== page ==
Tisbury selectmen add bite to dog hearing penalties
By Janet Hefler
Published: August 14, 2008
While August traditionally is a light month for town officials, for the Tisbury selectmen it was business as usual - and then some. What looked like a light agenda turned into a two-and-a-half-hour meeting Tuesday at the Katharine Cornell Theatre.
The receipt of a letter from Ken Garde late Tuesday afternoon appealing a pending decision by the selectmen to ban his dog from town prompted a departure from the agenda.
Animal control officer Laurie Clements reported that Storm, a Siberian husky owned by Mr. Garde and his wife, Nina, was caught running loose twice since a dog complaint hearing held June 3. Storm's rambles violated the terms of a six-month restraining order imposed by the selectmen.
Given the dog's history of killing several chickens on three occasions at four different places and being caught running loose eight times, the selectmen had agreed to ban the dog from town, if he were caught violating the restraining order.
Mr. Garde provided explanations for both violations, blaming the first on a child who left the front gate open. He said Storm got loose a second time when he and his wife Nina were off-Island on their way to her mother's funeral.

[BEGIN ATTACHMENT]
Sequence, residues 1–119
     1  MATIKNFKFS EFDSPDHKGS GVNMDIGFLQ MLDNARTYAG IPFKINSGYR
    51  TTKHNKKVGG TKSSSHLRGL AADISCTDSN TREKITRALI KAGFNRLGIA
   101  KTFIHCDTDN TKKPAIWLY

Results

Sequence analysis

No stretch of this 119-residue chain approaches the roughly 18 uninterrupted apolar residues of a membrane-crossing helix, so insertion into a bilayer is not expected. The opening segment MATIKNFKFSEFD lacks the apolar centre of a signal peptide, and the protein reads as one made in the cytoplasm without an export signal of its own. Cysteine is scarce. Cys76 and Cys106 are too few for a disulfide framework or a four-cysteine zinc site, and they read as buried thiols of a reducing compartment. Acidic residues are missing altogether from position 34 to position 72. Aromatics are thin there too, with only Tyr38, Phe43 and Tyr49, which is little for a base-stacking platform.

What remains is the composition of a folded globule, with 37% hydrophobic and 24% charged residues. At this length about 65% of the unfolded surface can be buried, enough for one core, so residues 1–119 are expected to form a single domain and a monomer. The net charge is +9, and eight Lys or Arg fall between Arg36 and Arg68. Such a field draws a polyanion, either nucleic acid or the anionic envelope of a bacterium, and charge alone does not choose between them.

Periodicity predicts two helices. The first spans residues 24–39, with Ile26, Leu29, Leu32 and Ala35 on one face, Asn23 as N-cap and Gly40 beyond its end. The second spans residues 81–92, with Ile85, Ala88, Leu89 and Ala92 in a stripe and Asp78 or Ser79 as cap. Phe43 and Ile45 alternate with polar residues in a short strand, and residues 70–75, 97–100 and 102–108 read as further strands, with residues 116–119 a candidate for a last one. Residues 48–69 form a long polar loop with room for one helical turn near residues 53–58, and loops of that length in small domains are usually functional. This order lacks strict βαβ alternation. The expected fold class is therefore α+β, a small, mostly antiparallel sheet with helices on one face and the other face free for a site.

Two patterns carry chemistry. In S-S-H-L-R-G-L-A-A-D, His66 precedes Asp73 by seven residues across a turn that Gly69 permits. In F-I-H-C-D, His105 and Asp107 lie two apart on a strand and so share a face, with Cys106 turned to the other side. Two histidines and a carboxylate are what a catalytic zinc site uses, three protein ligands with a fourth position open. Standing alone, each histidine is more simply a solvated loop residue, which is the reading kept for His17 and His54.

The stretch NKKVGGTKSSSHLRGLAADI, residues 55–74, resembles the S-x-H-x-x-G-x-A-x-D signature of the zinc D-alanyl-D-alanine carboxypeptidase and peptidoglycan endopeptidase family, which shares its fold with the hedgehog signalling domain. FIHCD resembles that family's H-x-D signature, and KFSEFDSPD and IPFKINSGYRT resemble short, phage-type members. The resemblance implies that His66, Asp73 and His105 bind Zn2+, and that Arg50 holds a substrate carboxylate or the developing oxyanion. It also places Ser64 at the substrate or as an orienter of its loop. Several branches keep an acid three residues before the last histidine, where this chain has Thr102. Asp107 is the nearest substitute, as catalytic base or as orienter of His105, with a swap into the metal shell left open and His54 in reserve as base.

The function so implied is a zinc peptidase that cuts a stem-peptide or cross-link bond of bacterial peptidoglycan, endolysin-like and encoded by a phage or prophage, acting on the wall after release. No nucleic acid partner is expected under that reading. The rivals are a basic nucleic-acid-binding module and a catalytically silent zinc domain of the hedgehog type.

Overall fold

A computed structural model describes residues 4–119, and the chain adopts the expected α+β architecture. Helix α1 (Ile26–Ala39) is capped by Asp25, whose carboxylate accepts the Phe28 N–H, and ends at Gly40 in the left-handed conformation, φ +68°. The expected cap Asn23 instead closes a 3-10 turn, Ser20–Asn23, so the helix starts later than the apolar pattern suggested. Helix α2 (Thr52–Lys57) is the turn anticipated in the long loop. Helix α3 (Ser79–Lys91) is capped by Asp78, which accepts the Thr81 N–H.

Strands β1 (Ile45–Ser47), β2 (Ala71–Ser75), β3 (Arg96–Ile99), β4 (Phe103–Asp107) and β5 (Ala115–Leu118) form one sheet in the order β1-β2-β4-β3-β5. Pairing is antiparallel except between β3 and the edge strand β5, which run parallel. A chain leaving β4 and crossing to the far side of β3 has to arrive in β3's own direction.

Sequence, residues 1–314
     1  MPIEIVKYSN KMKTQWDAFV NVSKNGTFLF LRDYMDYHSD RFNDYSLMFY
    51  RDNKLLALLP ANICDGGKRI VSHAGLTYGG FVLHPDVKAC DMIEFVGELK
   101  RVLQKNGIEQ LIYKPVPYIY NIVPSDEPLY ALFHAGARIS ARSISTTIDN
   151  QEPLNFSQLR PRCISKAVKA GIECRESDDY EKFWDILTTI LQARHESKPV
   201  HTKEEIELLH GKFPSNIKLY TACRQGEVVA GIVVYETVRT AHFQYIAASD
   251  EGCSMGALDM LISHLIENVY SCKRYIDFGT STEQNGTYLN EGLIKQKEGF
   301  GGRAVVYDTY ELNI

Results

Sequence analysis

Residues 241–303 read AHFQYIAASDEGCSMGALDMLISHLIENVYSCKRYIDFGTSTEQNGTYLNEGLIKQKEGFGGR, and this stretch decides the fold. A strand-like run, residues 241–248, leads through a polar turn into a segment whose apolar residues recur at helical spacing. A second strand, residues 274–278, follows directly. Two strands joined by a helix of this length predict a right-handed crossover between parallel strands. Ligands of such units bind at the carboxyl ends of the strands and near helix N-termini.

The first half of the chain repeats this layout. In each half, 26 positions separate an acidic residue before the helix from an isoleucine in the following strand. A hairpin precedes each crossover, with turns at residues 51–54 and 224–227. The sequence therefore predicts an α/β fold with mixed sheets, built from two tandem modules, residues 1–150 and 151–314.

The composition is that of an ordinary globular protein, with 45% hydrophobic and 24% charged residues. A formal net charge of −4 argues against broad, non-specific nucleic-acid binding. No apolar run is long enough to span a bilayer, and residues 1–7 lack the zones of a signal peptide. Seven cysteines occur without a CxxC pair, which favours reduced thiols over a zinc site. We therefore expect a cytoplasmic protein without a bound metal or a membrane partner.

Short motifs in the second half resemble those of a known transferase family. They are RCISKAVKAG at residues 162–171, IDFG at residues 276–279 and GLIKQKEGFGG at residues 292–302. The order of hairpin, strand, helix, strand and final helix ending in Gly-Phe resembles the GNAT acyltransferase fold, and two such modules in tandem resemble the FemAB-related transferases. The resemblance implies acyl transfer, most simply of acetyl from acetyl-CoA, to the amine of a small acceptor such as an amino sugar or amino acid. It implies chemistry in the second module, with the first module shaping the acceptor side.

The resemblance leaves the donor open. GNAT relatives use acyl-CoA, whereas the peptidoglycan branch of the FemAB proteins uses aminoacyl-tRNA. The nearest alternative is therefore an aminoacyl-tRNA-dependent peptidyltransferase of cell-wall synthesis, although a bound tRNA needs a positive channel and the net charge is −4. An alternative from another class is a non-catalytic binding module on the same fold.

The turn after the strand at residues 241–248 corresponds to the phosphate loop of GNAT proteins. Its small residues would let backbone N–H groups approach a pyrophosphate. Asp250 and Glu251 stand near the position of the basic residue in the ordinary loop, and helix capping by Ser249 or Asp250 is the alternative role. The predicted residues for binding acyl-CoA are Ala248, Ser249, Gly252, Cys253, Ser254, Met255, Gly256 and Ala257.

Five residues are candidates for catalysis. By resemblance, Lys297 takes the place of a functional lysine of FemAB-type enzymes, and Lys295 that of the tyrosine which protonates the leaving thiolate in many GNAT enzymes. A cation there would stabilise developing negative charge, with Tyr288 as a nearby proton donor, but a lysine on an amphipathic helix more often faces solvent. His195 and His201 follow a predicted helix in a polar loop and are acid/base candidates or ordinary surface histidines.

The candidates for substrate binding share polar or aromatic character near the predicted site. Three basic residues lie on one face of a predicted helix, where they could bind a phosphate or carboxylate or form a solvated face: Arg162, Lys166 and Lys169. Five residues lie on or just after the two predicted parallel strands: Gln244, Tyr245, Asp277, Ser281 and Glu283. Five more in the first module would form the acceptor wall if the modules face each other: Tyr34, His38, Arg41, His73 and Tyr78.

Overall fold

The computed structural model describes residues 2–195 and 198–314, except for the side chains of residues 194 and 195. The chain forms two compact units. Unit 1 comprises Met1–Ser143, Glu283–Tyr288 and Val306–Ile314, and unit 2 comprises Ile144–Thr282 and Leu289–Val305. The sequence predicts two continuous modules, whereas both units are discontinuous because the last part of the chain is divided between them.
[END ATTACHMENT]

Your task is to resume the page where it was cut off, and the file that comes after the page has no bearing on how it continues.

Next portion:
A dog-sitter staying at their home was asleep when Storm and their two other dogs got loose, and Mr. Garde said he was convinced someone deliberately coaxed the dogs out of the house and yard because, he said, they do not normally try to escape. At the June 3 hearing, however, he described continuing efforts to contain the dogs in his yard, including the addition of three feet to a fence and extra strong springs on a gate.
Asked by selectman Jeffrey Kristal for her recommendation, Ms. Clements said, although she sympathized with the Gardes, "If you don't enforce the rules and follow through, then you're opening a can of worms for future hearings."
Ms. Clements reminded the selectmen that another dog, this one owned by Jeremy Kroup, recently violated a restraining order and also faces banishment.
Mr. Garde responded that Tisbury's board of health, of which he is a member, considers matters on a case-by-case basis, even though rules are black and white.
Selectman Tristan Israel repeatedly expressed sympathy for the Gardes and said that Mr. Kroup had not demonstrated the level of caring about his pet that they had. "I do think Ken and Nina are trying, and maybe I'm more forgiving," he said. Ms. Clements reminded him that Mr. Kroup's dog had not killed anything.
Selectman chairman Denys Wortman agreed it was a sad situation that required a difficult decision. Nonetheless, he said, "It's tough, but rules are rules." Selectman Kristal made a motion to uphold the June 3 decision to ban the dog, as of Sept. 1. He and Mr. Wortman agreed, and Mr. Israel voted no, although he had voted in favor of the terms of the restraining order on June 3.
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Bless the Bullys